The Evolution Of Barbie
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The Evolution Of Barbie

Is it too late?

The Evolution Of Barbie

Barbie represents “female empowerment.”

At least, that is what COO Richard Dickson told TIME magazine recently. Yet, clearly most of the world doesn’t quite share his perspective on this. In fact, in the face of growing criticism and plummeting sales over the past several years, Barbie has been forced to reinvent herself. While the change in sales could be linked to a growing infatuation with electronics among children, it is obvious that the something needed to be done.

The majority of females growing up in America own at least one Barbie doll in their lives, and she has come to be one of the most popular toys on the market, rising to a status where she is a globally recognized figure. Barbie can be found in stores in 150 countries across the world. In fact, Mattel makes over $1 billion from the plastic dolls every year.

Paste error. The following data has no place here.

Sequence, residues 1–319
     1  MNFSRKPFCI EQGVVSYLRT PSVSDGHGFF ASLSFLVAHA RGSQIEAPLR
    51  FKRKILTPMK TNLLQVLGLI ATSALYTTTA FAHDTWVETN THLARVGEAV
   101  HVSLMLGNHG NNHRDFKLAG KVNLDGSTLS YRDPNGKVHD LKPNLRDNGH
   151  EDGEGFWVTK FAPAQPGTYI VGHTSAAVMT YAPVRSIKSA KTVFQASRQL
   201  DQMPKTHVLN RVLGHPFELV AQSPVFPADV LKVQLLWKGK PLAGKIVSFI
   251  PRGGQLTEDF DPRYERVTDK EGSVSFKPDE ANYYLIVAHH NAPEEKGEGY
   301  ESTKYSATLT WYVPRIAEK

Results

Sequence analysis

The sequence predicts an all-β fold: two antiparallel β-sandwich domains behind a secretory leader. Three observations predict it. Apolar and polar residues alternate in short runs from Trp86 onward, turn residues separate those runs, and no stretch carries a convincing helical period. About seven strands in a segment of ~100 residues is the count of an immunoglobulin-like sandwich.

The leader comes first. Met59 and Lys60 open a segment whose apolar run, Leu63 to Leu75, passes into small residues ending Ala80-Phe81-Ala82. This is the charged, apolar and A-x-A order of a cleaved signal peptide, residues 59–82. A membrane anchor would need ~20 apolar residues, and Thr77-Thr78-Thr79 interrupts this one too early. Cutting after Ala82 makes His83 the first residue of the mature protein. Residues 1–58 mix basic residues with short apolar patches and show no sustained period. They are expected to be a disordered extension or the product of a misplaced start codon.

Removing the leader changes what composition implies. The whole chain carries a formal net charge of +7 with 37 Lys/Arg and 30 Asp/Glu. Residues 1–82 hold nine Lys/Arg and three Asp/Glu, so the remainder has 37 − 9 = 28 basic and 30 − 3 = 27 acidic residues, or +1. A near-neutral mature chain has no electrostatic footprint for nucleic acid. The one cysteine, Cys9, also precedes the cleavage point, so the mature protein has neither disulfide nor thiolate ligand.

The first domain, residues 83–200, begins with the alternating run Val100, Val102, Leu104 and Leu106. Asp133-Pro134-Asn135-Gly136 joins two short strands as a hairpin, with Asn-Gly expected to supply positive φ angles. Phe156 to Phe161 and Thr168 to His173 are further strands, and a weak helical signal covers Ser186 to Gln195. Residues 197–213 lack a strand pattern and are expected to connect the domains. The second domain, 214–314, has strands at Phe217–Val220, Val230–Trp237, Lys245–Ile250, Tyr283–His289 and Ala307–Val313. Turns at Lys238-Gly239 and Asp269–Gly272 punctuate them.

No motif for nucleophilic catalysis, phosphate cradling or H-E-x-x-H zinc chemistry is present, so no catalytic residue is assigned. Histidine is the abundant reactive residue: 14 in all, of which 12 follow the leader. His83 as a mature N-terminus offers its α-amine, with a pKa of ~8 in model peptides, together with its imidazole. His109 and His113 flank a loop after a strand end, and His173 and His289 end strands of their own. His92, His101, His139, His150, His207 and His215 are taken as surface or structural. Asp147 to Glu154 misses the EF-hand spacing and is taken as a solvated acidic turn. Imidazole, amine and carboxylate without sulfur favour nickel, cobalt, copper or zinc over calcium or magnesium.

Ruth Handler first concocted the concept for Barbie when travelling in Europe and seeing a German doll called Lilli. The fact that Lilli was based on a prostitute character seems a slightly iffy model to base a children’s toy off of, but maybe that’s just me. It wasn’t until 1959 that the blonde, unrealistically proportioned doll we all know as Barbie made her first appearance at New York’s toy fair. Named after the daughter of one of Mattel’s co-founders, Barbie saw instant success in stores.

Various criticisms cropped up in the following decade, stemming from Barbie accessories such as the "How to Lose Weight" handbook that included directions like “Don’t eat.” Barbie even found herself a boyfriend in 1961, with the introduction of the also bronzed, blonde, blue-eyed, all-American looking Ken. In 1970, the first noticeable public movement featuring anti-Barbie sentiment was staged in New York, where some of the women fighting a strike for equality carried signs that read “I Am Not a Barbie Doll.” Such signs reflected a growing sentiment of Barbie epitomizing nothing more than a blonde, brainless beauty.